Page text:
Archives from Pastoral Reflections: Advent 2012 - The Pontifical Latin Academy
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An essential goal of the Second Vatican Council was the renewal and strengthening of the ancient liturgical traditions of the Catholic Church. In 1963, the sacred Council declared in Sacrosanctum Concilium, the Constitution on the Sacred Liturgy, “Mother Church earnestly desires that all the faithful should be led to that fully conscious, and active participation in liturgical celebrations which is demanded by the very nature of the liturgy” (SC 14).
While calling for a “suitable place” for the use of the vernacular “mother tongue” in the celebration of the Eucharist, the Council Fathers directed that “steps should be taken so that the faithful may also be able to say or sing together in Latin those parts of the Ordinary of the Mass which pertain to them” (SC 54).
At Saint Benedict, we are blessed to be a community of great diversity in national and cultural origins, with parishioners representing over 15 primary languages. In the holy sacrifice of the Mass, the Saint Benedict family chants and praises God in the unifying language of Latin incorporated throughout the liturgy, as the Council envisioned. It is a tangible reminder of our ancient traditions and our fundamental unity as members of the Body of Christ. For the Church, as the Apostle Paul teaches us, “is his body, the fullness of him who fills all” (Ephesians 1:23, RSV).
Thus, while we celebrate the Mass in the Ordinary Form, the traditions of Latin language and music are a vital part of Saint Benedict Parish in the 21st century. For this reason, we greet with great joy the announcement by our Holy Father Pope Benedict XVI of the creation of the Pontifical Latin Academy to promote and diffuse knowledge of Latin language and heritage throughout the Catholic world.
In his Apostolic Letter announcing the new Pontifical Latin Academy, the Holy Father wrote, “In our time too, knowledge of the Latin language and culture is proving to be more necessary than ever for the study of the sources, which, among others, numerous ecclesiastical disciplines draw from, such as, for example, theology, liturgy, patristics and canon law….” (Latina Lingua, 2). Indeed, as part of our parish school’s classical approach, we are dedicated to broadening our students’ academic, cultural, and spiritual horizons by instructing them in Catholic tradition – and the Latin linguistic heritage that forms such a vital part of that tradition.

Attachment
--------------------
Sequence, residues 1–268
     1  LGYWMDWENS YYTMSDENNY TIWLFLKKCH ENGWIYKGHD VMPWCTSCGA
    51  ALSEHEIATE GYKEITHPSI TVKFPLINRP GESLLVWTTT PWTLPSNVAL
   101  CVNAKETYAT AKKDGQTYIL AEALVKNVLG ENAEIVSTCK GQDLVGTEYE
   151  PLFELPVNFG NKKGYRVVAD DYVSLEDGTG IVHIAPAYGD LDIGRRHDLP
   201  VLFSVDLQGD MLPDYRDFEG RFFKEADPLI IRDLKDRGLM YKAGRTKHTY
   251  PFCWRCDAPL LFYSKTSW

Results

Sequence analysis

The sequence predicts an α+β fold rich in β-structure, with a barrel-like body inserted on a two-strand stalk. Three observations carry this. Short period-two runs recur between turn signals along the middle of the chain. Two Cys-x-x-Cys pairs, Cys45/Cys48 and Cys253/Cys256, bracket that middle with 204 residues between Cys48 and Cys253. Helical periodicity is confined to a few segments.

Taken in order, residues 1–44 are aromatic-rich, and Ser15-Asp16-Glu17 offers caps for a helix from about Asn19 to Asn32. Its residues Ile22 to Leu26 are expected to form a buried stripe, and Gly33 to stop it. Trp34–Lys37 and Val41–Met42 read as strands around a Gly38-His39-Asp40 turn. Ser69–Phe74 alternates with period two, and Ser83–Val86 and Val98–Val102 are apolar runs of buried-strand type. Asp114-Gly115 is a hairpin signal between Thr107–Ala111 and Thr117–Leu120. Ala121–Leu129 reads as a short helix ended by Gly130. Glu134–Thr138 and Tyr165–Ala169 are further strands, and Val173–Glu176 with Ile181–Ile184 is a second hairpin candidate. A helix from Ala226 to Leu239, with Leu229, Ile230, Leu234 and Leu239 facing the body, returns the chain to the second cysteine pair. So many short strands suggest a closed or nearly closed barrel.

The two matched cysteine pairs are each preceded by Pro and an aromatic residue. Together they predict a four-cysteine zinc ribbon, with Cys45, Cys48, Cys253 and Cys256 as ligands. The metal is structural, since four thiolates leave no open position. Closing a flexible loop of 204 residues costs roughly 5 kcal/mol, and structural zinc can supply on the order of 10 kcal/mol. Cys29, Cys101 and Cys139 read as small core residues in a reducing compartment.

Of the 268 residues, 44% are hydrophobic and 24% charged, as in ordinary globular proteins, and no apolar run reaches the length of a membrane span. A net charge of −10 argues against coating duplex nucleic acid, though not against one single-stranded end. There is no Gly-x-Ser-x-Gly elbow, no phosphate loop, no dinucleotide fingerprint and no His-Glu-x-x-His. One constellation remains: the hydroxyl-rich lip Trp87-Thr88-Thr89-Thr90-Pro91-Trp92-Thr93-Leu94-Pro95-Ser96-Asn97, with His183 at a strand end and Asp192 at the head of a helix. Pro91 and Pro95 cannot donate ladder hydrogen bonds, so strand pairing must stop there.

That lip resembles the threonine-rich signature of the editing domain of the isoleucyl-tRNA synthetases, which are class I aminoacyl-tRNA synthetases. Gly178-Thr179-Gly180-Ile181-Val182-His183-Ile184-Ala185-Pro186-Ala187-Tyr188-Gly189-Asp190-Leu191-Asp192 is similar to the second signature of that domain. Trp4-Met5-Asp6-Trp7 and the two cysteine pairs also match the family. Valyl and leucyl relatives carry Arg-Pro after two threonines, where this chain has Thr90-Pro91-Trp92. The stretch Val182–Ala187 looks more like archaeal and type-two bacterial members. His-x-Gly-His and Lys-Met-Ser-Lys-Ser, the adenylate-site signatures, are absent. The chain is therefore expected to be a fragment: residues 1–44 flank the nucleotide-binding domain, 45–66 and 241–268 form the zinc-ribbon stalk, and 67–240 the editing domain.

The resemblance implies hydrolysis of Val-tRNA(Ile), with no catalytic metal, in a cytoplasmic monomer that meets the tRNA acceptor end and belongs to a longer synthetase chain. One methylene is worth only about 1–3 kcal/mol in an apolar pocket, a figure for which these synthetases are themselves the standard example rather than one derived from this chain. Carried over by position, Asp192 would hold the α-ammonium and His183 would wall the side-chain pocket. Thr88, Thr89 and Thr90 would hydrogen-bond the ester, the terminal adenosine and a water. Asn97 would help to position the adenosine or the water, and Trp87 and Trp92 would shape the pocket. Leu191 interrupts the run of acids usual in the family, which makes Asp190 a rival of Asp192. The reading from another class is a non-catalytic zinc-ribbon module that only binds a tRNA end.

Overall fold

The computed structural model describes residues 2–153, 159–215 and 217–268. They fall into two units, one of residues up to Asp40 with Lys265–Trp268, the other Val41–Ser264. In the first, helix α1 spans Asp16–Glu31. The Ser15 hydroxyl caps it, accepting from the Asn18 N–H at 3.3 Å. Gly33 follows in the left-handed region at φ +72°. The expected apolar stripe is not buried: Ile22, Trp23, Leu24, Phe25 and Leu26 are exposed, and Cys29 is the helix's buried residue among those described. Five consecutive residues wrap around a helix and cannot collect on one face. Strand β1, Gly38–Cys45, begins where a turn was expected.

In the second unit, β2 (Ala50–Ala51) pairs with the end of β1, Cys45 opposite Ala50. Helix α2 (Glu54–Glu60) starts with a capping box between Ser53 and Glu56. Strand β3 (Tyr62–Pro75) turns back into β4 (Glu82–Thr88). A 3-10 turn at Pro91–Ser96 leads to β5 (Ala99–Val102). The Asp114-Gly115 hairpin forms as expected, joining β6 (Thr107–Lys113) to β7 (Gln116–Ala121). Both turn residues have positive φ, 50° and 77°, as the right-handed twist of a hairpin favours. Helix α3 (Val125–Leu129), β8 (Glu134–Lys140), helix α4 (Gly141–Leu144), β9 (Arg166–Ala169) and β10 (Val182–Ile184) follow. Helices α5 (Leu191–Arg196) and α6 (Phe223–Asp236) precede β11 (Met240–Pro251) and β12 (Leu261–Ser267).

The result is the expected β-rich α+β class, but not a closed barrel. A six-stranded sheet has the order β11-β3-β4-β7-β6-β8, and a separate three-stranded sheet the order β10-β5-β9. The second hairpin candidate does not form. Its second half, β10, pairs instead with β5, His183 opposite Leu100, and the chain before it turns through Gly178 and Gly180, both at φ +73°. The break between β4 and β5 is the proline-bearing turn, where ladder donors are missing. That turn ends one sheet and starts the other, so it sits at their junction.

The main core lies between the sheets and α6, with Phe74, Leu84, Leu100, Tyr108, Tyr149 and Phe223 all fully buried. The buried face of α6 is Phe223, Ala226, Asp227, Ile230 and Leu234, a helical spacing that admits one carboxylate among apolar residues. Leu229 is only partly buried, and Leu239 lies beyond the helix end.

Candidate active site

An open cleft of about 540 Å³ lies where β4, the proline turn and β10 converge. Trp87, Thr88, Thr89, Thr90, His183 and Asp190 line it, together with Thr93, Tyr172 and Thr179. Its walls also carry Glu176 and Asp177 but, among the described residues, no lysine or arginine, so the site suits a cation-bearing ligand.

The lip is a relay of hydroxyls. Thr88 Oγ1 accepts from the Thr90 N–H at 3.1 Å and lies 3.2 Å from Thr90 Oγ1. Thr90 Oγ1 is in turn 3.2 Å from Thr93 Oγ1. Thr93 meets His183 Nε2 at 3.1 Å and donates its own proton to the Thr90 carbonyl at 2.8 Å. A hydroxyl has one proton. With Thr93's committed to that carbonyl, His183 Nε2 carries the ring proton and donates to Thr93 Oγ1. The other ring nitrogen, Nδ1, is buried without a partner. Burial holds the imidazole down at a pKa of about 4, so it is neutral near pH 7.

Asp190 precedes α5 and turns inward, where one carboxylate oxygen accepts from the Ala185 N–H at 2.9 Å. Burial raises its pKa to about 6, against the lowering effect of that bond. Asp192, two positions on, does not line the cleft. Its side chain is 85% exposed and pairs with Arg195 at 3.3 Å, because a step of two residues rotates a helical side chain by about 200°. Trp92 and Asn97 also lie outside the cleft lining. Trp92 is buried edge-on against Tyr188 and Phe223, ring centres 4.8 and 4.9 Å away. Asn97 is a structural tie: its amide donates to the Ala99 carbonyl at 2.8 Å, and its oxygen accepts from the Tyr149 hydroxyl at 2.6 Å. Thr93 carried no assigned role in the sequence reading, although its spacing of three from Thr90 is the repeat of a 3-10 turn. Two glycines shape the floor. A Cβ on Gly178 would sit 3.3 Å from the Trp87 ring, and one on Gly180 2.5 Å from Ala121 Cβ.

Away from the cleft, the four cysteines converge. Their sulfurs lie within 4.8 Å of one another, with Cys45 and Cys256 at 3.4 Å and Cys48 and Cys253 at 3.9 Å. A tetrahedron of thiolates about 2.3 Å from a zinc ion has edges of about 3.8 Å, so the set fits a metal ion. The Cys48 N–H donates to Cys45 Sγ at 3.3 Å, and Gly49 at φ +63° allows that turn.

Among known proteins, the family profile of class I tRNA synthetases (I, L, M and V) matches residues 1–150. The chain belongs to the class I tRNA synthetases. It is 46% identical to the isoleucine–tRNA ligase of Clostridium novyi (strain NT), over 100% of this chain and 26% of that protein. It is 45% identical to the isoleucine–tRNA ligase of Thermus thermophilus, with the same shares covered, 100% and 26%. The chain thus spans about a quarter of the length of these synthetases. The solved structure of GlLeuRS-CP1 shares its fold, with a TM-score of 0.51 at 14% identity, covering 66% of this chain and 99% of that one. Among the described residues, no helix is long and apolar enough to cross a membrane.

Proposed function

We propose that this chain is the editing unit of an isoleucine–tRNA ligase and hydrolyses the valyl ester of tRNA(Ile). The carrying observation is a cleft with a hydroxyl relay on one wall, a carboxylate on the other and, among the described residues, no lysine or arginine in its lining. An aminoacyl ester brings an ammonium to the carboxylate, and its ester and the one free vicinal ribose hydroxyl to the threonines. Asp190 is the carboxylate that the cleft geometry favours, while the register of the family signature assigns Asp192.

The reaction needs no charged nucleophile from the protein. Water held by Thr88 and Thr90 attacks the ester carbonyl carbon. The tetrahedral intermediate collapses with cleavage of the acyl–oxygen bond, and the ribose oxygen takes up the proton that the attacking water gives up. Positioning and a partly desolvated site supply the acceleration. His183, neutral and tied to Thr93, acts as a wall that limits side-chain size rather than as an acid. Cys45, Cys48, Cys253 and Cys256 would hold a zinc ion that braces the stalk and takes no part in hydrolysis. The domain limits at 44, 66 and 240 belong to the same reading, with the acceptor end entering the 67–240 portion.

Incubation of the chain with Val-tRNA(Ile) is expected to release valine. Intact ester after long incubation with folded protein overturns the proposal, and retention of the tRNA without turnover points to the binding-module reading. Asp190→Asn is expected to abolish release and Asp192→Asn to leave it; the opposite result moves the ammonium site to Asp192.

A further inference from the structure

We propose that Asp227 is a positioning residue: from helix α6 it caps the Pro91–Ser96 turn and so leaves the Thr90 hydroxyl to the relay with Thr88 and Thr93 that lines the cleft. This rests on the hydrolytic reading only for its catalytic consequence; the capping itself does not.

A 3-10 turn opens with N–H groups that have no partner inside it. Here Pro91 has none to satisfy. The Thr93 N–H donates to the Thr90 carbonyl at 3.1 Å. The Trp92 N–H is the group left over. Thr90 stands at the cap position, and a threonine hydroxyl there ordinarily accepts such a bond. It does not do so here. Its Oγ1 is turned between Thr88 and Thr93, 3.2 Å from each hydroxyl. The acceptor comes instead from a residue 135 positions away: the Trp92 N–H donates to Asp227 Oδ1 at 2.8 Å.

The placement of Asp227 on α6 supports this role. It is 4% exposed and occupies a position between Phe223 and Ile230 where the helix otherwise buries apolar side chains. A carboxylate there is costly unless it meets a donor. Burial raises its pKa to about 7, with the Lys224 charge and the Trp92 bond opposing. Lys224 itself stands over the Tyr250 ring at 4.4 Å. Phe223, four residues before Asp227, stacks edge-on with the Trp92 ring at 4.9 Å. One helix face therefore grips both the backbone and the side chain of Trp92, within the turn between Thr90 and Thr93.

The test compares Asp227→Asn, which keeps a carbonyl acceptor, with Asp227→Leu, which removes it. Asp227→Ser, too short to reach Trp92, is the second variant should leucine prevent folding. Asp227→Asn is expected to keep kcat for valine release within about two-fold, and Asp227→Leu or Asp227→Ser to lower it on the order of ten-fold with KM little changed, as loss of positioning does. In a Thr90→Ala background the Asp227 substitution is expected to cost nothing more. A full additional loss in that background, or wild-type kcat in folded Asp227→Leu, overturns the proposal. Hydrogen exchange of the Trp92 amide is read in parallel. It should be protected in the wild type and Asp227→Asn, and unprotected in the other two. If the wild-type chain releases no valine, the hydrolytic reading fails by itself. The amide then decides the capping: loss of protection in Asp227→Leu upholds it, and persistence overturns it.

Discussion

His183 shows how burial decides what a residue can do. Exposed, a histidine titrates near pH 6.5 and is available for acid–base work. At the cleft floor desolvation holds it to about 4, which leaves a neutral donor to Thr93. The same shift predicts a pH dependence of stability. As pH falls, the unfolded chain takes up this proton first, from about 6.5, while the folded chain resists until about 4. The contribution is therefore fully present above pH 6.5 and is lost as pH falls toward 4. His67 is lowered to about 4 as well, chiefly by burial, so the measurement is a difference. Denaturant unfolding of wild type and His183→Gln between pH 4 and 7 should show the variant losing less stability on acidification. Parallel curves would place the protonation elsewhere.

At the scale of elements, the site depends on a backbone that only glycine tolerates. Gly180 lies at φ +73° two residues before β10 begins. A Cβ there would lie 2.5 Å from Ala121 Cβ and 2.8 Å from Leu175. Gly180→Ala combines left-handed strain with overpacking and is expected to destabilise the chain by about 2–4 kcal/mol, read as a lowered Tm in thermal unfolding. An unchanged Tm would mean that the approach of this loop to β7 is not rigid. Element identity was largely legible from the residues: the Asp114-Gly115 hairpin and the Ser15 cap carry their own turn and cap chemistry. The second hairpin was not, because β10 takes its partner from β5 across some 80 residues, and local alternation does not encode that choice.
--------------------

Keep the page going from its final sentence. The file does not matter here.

As we enter the season of Advent, let us pray for the continued renewal of the Catholic Church, as it seeks to engage ever more faithfully and genuinely with the traditions handed down to us from the Apostles, who received their calling directly from our Blessed Lord. “Veni, Domine Jesu” (“Come, Lord Jesus!” – Rev 22:20).
In this space, I will share articles, reflections, weblinks, and resources of current interest, that I hope will cultivate our shared faith journey.
Let us seek to grow together in knowledge and understanding of that great truth revealed through Saint Paul of Tarsus, that "there is one God; there is also one mediator between God and humankind, Christ Jesus, Himself human, Who gave Himself as a ransom for all." (1 Tim. 2:5) .Within the treasures of the Catholic Church, may we indeed pursue, in the words of the great Benedictine, Saint Anselm, faith seeking understanding.